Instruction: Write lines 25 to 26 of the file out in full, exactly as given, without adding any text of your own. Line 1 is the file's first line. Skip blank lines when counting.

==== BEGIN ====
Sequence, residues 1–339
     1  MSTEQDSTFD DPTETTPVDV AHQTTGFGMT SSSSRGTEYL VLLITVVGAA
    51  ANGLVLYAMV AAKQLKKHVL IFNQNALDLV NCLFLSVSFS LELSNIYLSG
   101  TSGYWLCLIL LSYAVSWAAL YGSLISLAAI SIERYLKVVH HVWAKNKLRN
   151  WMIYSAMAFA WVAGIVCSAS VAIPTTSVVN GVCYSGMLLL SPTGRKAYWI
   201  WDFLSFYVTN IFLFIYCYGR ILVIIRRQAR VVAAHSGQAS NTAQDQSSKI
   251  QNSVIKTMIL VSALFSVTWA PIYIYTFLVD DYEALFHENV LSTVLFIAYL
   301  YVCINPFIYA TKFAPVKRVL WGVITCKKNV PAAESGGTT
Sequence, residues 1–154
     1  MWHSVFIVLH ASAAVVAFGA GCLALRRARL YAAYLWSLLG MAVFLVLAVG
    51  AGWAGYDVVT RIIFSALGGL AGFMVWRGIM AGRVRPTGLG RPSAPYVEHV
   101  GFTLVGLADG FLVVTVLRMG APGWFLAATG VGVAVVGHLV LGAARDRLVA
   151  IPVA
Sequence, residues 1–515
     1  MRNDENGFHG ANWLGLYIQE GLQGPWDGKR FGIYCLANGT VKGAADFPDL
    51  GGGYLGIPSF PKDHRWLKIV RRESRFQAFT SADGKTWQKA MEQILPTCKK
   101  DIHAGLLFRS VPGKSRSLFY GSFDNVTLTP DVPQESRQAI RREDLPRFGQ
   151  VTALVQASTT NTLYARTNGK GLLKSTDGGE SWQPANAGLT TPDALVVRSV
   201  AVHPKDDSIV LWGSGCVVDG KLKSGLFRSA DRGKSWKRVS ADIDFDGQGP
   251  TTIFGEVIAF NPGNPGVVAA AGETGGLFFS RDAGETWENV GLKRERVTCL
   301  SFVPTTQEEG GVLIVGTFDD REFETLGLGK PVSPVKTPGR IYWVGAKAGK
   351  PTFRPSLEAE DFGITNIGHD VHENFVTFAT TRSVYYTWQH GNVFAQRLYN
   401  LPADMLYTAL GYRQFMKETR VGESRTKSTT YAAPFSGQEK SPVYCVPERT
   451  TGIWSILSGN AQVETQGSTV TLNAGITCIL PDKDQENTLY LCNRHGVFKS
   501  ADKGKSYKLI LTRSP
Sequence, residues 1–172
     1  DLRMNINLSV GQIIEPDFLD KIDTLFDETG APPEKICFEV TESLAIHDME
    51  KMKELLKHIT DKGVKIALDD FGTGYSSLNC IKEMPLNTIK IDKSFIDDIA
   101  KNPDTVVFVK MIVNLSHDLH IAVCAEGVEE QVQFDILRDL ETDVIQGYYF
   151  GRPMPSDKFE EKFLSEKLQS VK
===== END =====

   501  ADKGKSYKLI LTRSP
Sequence, residues 1–172